A health-care worker prepares a dose of the Pfizer-BioNTech COVID-19 vaccine at a UHN COVID-19 vaccine clinic in Toronto, Thursday, Jan. 7, 2021. A single dose of Pfizer-BioNTech’s COVID-19 vaccine is barely enough to cover the average pinky nail but is made up of more than 280 components and requires at least three manufacturing plants to produce. THE CANADIAN PRESS/Nathan Denette

A health-care worker prepares a dose of the Pfizer-BioNTech COVID-19 vaccine at a UHN COVID-19 vaccine clinic in Toronto, Thursday, Jan. 7, 2021. A single dose of Pfizer-BioNTech’s COVID-19 vaccine is barely enough to cover the average pinky nail but is made up of more than 280 components and requires at least three manufacturing plants to produce. THE CANADIAN PRESS/Nathan Denette

COVID-19 immunizations set to begin for age-based cohorts

Eligible seniors can book appointments through a call centre starting Monday, March 8.

Eligible seniors in age-based cohorts will be able to book appointments for COVID19 vaccinations starting Monday, March 8, with immunizations set to begin a week later according to Interior Health.

The first cohort will begin with seniors who are 90 years of age or older (1931) and Indigenous people 65 years of age (1956) or older, as well as elders, who are encouraged to book an appointment by calling 1-877-740-7747, seven days a week between 8 a.m. and 8 p.m. (MST).

On, or after Monday, March 15, seniors who are 85 years of age (1936) or older are encouraged to book vaccine appointments, and seniors 80 years (1941) of age or older can start making appointments on or after Monday, March 22.

The two-week staggered approach by age-cohorts is designed to accommodate demand and call volumes, according to Karen Bloemink, vice-president of pandemic response with Interior Health, who spoke to media during a virtual press conference on March 7.

“We do anticipate many callers, especially within the first few days,” said Bloemink. “This is why we are asking people to stick to the schedule … and call in — in stages — based on their birth year.

“We would like to ask the public for patience with our call centre while we work through our first few days of operations and reassure that there will be enough vaccine for everyone who wants an immunization. Call volumes will be closely monitored, and if there’s some delays initially, we will be working in the background to adjust and respond quickly.”

If an eligible senior misses their opening window for a vaccine, they can still call and book an appointment, Bloemink said.

“We’re just asking for people not to call in to the call centre ahead of their eligibility date,” she added.

A family member or support individual can book appointments on behalf of an eligible senior. Call centre representatives will require information such as a legal name, birth date, postal code, personal health number (can be found on the back of BC drivers licences or BC Care Card) and current contact information (email address or phone number that can receive text messages).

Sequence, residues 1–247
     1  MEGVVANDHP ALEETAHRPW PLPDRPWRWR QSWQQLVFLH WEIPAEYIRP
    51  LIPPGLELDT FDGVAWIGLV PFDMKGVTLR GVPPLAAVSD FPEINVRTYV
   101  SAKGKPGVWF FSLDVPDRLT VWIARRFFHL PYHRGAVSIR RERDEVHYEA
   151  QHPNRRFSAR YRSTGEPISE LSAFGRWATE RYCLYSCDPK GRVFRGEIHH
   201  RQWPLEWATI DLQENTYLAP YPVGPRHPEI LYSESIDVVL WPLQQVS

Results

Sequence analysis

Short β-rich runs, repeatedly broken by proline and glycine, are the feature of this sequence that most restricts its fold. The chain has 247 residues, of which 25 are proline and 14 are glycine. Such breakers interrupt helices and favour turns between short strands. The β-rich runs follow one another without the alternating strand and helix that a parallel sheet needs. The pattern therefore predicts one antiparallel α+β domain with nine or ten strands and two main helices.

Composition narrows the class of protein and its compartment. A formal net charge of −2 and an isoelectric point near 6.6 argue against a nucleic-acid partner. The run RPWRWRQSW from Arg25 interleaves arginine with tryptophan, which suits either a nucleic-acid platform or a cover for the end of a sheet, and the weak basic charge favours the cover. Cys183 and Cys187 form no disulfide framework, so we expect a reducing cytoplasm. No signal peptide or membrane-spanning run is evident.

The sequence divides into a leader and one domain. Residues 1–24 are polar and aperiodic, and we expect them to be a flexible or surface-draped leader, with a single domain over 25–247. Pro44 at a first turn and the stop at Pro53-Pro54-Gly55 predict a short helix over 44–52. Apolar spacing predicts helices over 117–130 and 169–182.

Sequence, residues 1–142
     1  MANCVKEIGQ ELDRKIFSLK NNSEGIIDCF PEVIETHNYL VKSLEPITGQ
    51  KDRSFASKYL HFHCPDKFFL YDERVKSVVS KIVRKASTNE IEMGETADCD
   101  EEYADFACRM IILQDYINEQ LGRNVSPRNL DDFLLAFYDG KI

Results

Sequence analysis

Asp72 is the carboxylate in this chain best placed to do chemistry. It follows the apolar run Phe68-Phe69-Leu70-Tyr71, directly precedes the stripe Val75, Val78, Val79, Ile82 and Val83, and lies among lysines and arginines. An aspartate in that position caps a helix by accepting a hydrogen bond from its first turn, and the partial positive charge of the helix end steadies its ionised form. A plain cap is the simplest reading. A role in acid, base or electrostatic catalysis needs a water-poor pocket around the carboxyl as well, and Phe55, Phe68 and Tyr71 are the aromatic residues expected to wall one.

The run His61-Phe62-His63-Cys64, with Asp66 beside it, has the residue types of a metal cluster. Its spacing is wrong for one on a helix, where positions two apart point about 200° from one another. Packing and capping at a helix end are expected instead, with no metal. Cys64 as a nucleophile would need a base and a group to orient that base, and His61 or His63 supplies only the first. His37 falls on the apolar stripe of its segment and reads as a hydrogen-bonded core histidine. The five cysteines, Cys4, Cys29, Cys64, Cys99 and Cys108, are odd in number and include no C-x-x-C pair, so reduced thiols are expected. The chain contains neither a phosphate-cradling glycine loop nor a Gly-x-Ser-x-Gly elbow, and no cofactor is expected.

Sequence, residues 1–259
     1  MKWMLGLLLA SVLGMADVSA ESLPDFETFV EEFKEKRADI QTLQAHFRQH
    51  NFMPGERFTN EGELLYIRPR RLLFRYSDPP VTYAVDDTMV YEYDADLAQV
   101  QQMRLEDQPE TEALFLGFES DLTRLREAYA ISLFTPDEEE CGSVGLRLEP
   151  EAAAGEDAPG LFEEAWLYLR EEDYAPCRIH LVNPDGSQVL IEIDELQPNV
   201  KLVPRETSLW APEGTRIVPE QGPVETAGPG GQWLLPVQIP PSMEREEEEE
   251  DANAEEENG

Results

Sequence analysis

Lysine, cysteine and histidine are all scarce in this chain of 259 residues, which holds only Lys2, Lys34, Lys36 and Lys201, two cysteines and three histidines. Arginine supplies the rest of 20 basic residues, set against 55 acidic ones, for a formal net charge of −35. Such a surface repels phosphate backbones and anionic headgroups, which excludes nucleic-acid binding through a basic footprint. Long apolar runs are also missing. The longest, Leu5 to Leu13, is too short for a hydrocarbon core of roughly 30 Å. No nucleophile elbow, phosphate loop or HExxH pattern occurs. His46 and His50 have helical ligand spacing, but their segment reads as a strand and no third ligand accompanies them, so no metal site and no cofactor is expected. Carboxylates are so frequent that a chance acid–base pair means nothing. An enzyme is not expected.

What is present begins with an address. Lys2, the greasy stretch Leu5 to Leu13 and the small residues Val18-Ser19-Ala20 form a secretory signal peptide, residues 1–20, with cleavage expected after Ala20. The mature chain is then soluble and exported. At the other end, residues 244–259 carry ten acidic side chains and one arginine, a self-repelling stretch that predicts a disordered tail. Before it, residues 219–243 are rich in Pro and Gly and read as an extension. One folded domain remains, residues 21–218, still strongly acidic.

Call centres will never ask for financial information.

Interior Health also unveiled a community list of vaccination locations; in Cranbrook, the curling centre will serve as one location, opening up on March 15 and will operate seven days a week. In Kimberley, Centennial Hall will serve as the location — but will only be open five days a week.

With four vaccines now approved by Health Canada, vaccine capacity and supply is ramping up, as Bloemink assured that there will be enough immunizations for those who want one, given recent national incidents of delayed or reduced shipments promised by manufacturers in February.

“We are confident that anyone who does want to receive an immunization, will have the opportunity to do that over the targeted course of our immunization plan, starting with the populations that we’re talking about today, which is the over-80 and the over-65 Aboriginal populations,” said Bloemink.

Those eligible at this stage won’t be able to choose which vaccine they receive — however, seniors will be immunized with either the Pfizer BioNTech or Moderna vaccine, according to Dr. Albert De Villiers, the chief medical health officer for Interior Health.

The province’s immunization plan is broken down into four phases, of which B.C. recently moved into Phase 2. In Phase 2, the province expects to immunize 400,000 people between March to mid-April.

“While the phone lines open tomorrow, we are in the first few months of our vaccination efforts and this will be ongoing,” said Bloemink. “Immunizations will continue to be available to people in British Columbia for weeks and months to come, so we’d like to reassure everyone that they should not worry that they’ll miss their chance to get a vaccine, if they want to get a vaccine.”

Priority groups for vaccination under Phase 2 also include hospital staff, general practitioners and medical specialists that weren’t included in the first phase, vulnerable populations living and working in select congregated settings and staff in community home support and nursing services.

Those groups don’t require a call-in to book an appointment for immunization.

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